by Gavin M.
It has been awhile since any of us has written anything on this site. I don't think the markets really have changed since late February. I'm going to do a full disclosure here. I have been a trader for nearly 13 years now. I trade futures, forex and stocks/options. Since this post is about grains, I've been trading grains since 2006 and you'll normally only here me talk about them in the spring/summer months. If I actually sucked at trading grains, I would've stopped at Year 2 of trading them.
We had the USDA Crop Production report today. It was a mixed bag for everyone. The corn people got what they wanted, the soybeans people probably got disappointed judging from the price action and then the wheat people were just 'blah' about it. I went short soybeans approximately Monday morning.
There are no traders on the fence when it comes to grains here. The main reason I shorted beans is because it has gone too far too fast with no basis behind it. Week after week after week, we receive reports from either the surveys or the USDA progress data that we continue to have record high yield. Unless someone out there is just making numbers up, that is compelling enough to make one think, "Hang on, why would I be buying soybeans here north of $11/bu?"
This is what makes the market work - two teams - the optimists and the pessimists. The optimists will never want to accept the other group's trading thesis and vice versa. So I was not shocked that corn got a bump up rather than a sell off despite the report of record high yield. Why? You only have to look at the price of corn ahead of the report. It was way beaten down - the analysts have a great reasoning for this - "It was already priced in." So why would any decent trader out there short corn when its price chart was already way down?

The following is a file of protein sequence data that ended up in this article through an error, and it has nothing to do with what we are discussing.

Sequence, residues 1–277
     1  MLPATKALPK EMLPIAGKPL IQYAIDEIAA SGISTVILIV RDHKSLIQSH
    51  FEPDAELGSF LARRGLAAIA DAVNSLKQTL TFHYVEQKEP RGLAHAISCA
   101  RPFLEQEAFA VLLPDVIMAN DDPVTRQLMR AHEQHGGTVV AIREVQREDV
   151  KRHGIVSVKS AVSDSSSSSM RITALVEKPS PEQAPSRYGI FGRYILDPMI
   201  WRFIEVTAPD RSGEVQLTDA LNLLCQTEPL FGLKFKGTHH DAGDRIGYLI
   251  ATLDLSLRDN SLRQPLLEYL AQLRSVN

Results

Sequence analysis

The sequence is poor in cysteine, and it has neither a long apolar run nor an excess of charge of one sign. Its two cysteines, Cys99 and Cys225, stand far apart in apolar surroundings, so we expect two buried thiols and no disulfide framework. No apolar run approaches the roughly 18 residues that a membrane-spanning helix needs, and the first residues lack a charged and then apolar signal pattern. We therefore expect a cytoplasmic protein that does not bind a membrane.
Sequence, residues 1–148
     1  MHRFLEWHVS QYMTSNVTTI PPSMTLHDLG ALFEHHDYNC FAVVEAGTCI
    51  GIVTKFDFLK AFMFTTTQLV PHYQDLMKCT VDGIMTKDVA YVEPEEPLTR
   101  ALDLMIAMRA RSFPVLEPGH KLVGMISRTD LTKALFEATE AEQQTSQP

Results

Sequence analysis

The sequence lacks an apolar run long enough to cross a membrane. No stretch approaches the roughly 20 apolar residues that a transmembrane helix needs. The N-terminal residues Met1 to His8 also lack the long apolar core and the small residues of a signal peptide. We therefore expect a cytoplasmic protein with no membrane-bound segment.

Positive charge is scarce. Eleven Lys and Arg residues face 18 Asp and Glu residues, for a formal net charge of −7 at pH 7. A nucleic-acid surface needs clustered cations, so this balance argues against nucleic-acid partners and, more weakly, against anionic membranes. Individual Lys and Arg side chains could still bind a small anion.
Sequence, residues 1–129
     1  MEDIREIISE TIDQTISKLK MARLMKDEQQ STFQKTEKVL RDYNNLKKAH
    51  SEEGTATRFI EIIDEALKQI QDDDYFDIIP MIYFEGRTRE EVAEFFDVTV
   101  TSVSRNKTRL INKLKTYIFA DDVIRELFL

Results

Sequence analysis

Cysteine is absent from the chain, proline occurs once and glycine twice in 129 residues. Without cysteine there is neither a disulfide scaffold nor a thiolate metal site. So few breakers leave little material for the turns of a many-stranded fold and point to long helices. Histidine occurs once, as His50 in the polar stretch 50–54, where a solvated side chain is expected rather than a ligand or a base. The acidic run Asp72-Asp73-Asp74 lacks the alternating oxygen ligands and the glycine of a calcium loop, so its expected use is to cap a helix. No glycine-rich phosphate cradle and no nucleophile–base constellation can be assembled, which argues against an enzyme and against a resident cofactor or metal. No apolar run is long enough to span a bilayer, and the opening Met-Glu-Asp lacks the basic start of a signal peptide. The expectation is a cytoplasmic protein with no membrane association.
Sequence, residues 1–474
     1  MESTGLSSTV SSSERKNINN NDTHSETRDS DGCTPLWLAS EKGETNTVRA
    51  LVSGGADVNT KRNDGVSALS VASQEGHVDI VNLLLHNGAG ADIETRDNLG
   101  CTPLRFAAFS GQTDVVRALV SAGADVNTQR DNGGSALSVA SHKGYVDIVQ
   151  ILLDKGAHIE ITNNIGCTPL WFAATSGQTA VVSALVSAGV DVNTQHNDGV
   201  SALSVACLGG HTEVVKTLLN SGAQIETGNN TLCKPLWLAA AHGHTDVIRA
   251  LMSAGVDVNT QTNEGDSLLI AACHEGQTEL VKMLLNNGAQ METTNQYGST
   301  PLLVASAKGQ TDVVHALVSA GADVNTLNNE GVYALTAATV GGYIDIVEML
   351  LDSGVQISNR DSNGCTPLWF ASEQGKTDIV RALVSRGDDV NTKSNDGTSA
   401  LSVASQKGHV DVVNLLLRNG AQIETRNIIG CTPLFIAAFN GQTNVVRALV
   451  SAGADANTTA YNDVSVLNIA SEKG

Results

Let's turn our attention to soybeans. It shot up way too fast: probably due to short covering or whatever reason there is that the traders bought it up. Soybeans was always the wildcard because despite the record yield, traders have assumed demand continued. What cannot be ignored is the hard data week after week that record yields will be here. Of course we'll know for sure by September when harvest season is upon us. Fundamentals can take sometime to trickle into the markets and that is fine.
So, the reasoning was simple enough - find the grain product that went up too high and would be the most vulnerable for any move. It was soybeans. Even at the time of this post, soybeans have rallied a good 18 cents or so from the USDA lows. It will be known in the coming days/weeks if the fundamentals will hit this one hard or if the market players will remain in denial until real, hard data will come slapping them in the face like the hand of a woman scorned.
USDA prices Soybeans at $10.35 / bushel. At least that can be a reference bottom if we ever reach it. I would remain short any rallies set by soybeans.
Traders from Equity Sense will be writing on this blog on positions and other market-related things.